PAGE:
And yet, Haasmann page 7 brings ‘tell the truth or you will be shot’, page 10 brings ‘you are staying here as a hostage’, page 14 brings ‘if you lie you will be shot’, and page 20 ‘if the locals hide rations, the village will have to pay a ten thousand franc fine’. Both texts carry the voice of an occupier: empty your pockets, your bag; a curfew; house that people shoot from will be burnt, and their inhabitants shot.

6,7 14,15

Haasmann’s Germans get a quarter of a pound of vegetables daily, Sulzberger’s only 100 grammes, which cannot have been good for peace of mind.

20,21 22,23

A nice bit of etymology; when we said ‘budge over’ at school we never imagined we were using a word taken from French. ‘Rühren Sie sich nicht von der Stelle / Ne bougez pas de là’ says Haasmann; in English ‘don’t budge’.

 

 

 

 

 

 

 

Sabre-rattling in another tongue

Among the linguistic legends of the First World War is the story of the German phrasebook supposedly prepared prior to the conflict, which provided the soldiers with a model of callous belligerence. It was taken as a perfect piece of evidence to support the accusation that Germany had planned a ruthless invasion policy, applicable to Britain as well as France. Newspaper editors in Australia, as in the rest of the British empire, were amazed at such outrageously meticulous planning of an affront to the law of nations. The Observer in Adelaide, for example, stated on 20 February 1915 that ‘Phrasebooks published in Germany show that the war was contemplated by the Kaiser long before its declaration. Similar books have been found in the knapsacks of German dead and wounded, in preparation for the invasion of England. They show that should the Teutons ever reach Great Britain the country and its people would be devastated with frightfulness similar to that meted out to Belgium. The questions and answers, and other printed instructions and phrases deal largely with matters pertaining to booty, plunder, death, and incendiarism.’ Practically identical wording was used by a number of papers reporting the story at the time, taking it from sources in the London press; in terms of propaganda, it was perfect – despite the recent Christmas truces, the Germans were clearly not to be trusted at all, had both a master plan and detailed tactics, and would if given the chance carry them out.

ETW

Punch cartoonist Charles Graves took the subject further with the publication by The Echo & Evening Chronicle of The Hun’s Handbook (1915), which produced the actual phrasebook, credited with the title Törnister Wörterbuch Englisch, (‘English dictionary for the knapsack’), found on the person of a lightly wounded German prisoner, named Virskouski, with the corroboration of a companion book for French, also found in the possession of a captured German soldier. ‘Though we find no intrinsic evidence that the Wörterbuch was actually the production of the German War Staff’ reads the editorial, ‘its publication does set up a strong presumption that it was authorised for the use of a German expeditionary force destined for the invasion of England.’ Graves used a classic British weapon, satire, to hit back at such presumption, contrasting British simplicity with the inappropriately officious Uhlan reading from his phrasebook or the bespectacled Fritz scrabbling to find the correct question under the startled gaze of the lady’s outfitter.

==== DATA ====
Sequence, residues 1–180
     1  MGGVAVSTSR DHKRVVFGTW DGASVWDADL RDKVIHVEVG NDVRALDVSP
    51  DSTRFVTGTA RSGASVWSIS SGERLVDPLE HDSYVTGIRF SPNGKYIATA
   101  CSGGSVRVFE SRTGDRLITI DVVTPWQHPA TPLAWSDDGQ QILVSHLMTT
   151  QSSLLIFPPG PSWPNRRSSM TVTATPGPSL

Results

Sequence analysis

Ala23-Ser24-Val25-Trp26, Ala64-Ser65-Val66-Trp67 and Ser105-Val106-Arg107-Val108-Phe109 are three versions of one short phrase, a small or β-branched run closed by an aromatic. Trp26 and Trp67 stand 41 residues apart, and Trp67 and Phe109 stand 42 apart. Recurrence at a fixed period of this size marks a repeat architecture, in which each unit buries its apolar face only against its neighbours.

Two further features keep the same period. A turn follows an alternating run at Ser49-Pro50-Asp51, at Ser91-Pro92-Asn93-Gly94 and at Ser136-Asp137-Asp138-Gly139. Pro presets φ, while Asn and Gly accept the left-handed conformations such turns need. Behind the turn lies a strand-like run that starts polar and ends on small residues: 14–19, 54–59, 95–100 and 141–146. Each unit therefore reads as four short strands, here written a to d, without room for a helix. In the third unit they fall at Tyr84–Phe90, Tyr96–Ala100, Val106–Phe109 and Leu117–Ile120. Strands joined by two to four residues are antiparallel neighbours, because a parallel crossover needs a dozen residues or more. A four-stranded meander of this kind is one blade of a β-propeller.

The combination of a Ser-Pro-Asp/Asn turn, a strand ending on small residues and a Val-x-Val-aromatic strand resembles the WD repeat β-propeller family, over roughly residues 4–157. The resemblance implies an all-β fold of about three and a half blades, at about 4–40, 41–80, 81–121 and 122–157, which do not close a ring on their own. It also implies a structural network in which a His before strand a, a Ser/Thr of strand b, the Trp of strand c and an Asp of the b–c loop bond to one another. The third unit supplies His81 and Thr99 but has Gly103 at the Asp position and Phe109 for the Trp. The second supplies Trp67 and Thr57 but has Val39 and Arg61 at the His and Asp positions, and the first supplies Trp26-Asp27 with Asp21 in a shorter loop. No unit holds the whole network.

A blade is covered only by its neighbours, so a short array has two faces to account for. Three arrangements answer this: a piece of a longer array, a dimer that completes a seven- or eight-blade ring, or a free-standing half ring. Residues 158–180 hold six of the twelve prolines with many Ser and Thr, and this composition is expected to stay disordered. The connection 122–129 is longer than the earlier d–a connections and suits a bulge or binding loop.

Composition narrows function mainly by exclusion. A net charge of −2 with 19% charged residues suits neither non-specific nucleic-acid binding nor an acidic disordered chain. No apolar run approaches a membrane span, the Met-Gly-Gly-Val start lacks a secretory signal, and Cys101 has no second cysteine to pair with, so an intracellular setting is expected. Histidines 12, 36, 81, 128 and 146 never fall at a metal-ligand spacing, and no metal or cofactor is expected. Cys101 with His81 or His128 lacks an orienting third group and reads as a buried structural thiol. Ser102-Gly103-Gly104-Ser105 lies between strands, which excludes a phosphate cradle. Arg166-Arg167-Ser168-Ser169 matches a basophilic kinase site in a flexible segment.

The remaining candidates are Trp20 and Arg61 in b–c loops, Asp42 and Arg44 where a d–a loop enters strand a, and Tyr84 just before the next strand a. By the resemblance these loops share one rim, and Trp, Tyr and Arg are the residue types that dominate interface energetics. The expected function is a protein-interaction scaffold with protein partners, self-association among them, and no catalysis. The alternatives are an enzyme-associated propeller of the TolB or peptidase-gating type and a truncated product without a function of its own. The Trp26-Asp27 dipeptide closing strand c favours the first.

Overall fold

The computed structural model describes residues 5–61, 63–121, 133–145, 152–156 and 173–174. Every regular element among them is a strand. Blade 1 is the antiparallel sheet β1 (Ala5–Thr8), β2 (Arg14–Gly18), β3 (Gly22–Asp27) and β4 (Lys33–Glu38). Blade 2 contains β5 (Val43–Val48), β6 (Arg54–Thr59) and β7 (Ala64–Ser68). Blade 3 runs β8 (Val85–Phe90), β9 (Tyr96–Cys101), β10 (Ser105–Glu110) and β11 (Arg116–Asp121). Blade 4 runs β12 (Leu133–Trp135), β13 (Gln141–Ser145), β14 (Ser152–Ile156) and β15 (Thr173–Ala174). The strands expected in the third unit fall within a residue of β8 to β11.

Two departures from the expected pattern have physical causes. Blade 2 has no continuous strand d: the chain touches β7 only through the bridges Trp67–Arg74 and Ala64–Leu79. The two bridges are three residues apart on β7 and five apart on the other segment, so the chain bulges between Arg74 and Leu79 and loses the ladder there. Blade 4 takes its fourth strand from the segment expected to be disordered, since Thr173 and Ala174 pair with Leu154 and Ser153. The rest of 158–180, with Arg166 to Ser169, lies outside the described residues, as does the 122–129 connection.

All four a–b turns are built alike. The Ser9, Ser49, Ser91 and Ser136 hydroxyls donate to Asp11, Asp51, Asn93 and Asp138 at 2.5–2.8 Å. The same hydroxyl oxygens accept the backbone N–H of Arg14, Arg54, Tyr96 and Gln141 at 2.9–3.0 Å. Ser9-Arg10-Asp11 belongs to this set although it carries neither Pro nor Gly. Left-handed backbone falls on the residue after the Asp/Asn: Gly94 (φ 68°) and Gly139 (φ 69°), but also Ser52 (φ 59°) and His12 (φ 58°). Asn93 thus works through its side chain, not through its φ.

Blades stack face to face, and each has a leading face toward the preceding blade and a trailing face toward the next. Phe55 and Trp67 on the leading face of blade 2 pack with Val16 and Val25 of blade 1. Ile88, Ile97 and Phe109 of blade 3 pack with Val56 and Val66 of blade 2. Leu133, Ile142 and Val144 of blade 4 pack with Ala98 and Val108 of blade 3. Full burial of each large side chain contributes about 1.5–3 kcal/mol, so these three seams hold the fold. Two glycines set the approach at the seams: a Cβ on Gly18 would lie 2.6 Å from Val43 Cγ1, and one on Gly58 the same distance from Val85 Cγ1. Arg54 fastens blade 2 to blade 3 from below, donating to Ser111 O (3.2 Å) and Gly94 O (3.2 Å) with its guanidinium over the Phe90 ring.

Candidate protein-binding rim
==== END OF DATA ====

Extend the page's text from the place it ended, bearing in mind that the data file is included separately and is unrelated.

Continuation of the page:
2,7,2 Huns Handbook

All good fun, except that the legend continues; in 2013 Vendémiaire published a handsome transcription of Deutsch-Französischer Soldaten Sprachführer, the work of Lt-Col F Schulzberger, printed in Leipzig in several editions during the war. The Echo & Evening Chronicle must have thought the Törnister Wörterbuch Englisch a publisher’s dream in 1915; the choice of title in 2013 – Si vous mentez vous serez fusillé! Manuel de conversation à l’usage du soldat allemand, (If you lie you will be shot) cannot but add to the legend.

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The counterpart to the legend is the idea that British published phrasebooks were keen to stick to the fairplay aspect of British warfare, heavily influenced by phrasebooks intended for genteel foreign travel: having one’s boots cleaned please, asking politely the way to the post office, and paying a reasonable price for horses’ fodder. A recently found English-French phrasebook paints a potentially more uncomfortable picture, not as ruthless as hostage-taking or burning farms, but not as nice as might be expected. Furthermore it is an HMSO publication, crown copyright and carrying the royal crest.

GBphr cover

 

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GBphr 17

The first page of phrases goes straight to the mark – bear in mind this is an English-French phrasebook, not English-German: ‘Take care: take the shortest road, and if you lead me wrong you will be shot’. Later on we see ‘Listen and tell me the truth, or I will take you with me’. The mayor is to be fetched, followed by the, possibly exasperated, ‘Is there anyone here who speaks English?’

GBphr 19

This is possibly hostile country ‘Can you vouch for the guide?’, and the choice of phrases in this military phrasebook are clearly for the use of troops in the field rather than looking for recreation. And while ‘please’ and ‘thank you’ are remembered, and shopping is carried out with faultless manners, there is no holding back on orders – ‘go slowly’, ‘come here’, ‘hold your tongue’.